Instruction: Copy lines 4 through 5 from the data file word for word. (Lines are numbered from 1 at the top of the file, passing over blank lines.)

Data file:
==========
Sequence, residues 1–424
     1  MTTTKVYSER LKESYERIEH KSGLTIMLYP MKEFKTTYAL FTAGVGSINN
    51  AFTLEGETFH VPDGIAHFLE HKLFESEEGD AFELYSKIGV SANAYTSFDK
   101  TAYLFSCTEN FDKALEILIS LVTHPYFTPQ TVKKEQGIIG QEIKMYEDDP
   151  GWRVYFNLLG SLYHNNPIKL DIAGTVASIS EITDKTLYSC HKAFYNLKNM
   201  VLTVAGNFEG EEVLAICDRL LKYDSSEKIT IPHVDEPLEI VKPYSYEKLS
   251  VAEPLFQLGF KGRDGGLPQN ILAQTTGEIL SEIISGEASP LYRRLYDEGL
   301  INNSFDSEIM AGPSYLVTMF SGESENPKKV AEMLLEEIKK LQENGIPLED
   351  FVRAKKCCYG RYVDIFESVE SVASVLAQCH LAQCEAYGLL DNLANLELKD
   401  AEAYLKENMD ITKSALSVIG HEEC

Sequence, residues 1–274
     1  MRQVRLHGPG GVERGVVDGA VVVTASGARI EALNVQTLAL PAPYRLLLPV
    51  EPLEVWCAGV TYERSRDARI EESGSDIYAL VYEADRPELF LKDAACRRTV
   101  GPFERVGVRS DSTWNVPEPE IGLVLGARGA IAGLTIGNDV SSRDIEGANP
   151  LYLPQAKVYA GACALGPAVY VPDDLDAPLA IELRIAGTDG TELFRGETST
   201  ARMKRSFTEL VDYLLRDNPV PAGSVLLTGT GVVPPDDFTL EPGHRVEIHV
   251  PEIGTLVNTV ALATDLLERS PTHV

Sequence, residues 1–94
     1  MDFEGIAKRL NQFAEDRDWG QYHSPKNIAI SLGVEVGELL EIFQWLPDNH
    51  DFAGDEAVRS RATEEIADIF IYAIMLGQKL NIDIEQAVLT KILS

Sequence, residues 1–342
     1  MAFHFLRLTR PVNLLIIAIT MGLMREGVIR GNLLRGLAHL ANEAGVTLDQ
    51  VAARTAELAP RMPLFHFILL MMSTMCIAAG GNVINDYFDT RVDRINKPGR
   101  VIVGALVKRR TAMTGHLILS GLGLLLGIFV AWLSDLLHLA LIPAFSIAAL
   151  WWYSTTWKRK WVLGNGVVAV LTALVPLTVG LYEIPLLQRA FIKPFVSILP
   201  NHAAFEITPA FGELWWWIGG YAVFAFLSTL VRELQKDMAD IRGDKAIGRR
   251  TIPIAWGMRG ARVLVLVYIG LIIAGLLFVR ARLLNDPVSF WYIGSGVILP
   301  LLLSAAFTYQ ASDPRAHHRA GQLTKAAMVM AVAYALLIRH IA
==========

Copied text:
   101  TAYLFSCTEN FDKALEILIS LVTHPYFTPQ TVKKEQGIIG QEIKMYEDDP
   151  GWRVYFNLLG SLYHNNPIKL DIAGTVASIS EITDKTLYSC HKAFYNLKNM